Is this stuff on top normal?

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Kathi

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Today is Day 8 - time to transfer. We are on our third wine kit -- our first sweet one (Pink Moscato).

Is this stuff on top normal (yeast?) or something bad? In step 1, the kit said to sprinkle the yeast on top but don't stir it in. The other kits we made didn't seem to have this on the top, but maybe we just didn't see it due to the grape skins floating and the darker color of the reds.
Pink Moscato day 8.jpg
 

brewbush

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It is probably just normal rafts of yeast.

If you are at final gravity and are transferring for aging, hit it with the required chems (Kmeta and sorbate if needed) and allow to sit for a month at least. Recheck it and taste it, if it tastes alright you should be good to go.

If you are transferring at <1.020 but not at final gravity, I personally would leave it to finish up in the primary and not move it until its completely done.
 

Kathi

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Thanks Brewbush. We are at the transfer stage. Gravity was .998 (well below 1.02). I took your advice to wait a few days. How do I know when it's "finished up?" Will the floating yeast go away? The directions specifically said not to stir in the yeast. Could this have happened because it wasn't sprinkled in evenly or something?
 

jswordy

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Thanks Brewbush. We are at the transfer stage. Gravity was .998 (well below 1.02). I took your advice to wait a few days. How do I know when it's "finished up?" Will the floating yeast go away? The directions specifically said not to stir in the yeast. Could this have happened because it wasn't sprinkled in evenly or something?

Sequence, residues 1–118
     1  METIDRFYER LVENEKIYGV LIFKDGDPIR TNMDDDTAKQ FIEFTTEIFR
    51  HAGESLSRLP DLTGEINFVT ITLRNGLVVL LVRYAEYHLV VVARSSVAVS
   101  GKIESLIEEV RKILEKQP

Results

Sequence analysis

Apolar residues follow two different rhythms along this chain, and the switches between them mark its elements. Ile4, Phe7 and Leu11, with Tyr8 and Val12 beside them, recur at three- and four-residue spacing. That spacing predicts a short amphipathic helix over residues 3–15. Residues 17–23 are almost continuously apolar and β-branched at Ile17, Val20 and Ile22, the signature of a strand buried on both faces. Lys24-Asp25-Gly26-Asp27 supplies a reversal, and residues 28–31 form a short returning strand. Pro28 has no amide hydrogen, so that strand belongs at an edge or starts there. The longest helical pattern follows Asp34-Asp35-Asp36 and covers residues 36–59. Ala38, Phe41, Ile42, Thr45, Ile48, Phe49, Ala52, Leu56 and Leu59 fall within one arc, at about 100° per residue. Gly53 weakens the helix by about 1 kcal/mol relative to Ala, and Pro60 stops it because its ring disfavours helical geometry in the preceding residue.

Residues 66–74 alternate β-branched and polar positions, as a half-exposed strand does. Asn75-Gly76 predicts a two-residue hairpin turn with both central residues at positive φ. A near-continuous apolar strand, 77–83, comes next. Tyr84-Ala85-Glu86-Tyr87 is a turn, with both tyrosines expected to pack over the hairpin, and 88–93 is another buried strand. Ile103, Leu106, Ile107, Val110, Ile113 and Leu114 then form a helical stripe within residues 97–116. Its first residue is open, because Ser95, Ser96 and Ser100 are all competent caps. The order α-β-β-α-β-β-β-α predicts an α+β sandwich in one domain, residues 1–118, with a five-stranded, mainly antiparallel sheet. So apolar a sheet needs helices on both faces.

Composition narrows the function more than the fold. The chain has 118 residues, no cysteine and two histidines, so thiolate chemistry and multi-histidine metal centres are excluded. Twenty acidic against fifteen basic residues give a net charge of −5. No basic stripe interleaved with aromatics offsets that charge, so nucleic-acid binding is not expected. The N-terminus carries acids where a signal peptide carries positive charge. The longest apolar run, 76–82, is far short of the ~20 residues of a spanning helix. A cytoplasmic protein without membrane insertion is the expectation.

If the wine smells fine, take a tube and draw a little bit out of the bucket from below the surface. (A cheap wine thief is a wonderful investment, if you don't have one.)

Put that in a glass and taste it. You should taste nothing that will make you recoil or make a face. No off flavors, though it will not be a developed wine yet so it may taste a bit harsh. If it smells good and tastes good, you are OK.

When you rack, be sure to pay special attention not to let any of that surface matter get into your cane or into your clean carboy. That may mean you have to leave slightly more liquid in the fermentation bucket than you otherwise would have. Do it. It will make clearing easier.

It really looks just fine, but it pays to do the smell and taste test. I am always encouraging new winemakers to taste the wine all along the way, so you get a feel for what it is like in the process. It's helpful as you develop your skills.

Yeast has different rates of flocculation (the rate at which it settles to the bottom as lees or in beer, eventually a hard cake) depending on what type you are using. So what you see is normal.

You know your wine is finished when it reaches 1.00 or slightly below on a hydrometer (unless you use a recipe that specifically specifies a different value). You can GUESS when it is finished by looking for cessation of yeast bubble activity, but the hydrometer is the only way to know where you are in the process for certain.

I never let wine sit in the fermenter after it has finished. That's because you risk oxidation if the protective layer of CO2 diminishes after the yeast are done doing most of their work. Transfer to a well topped-up carboy, and the risk is over.

All the best!
 
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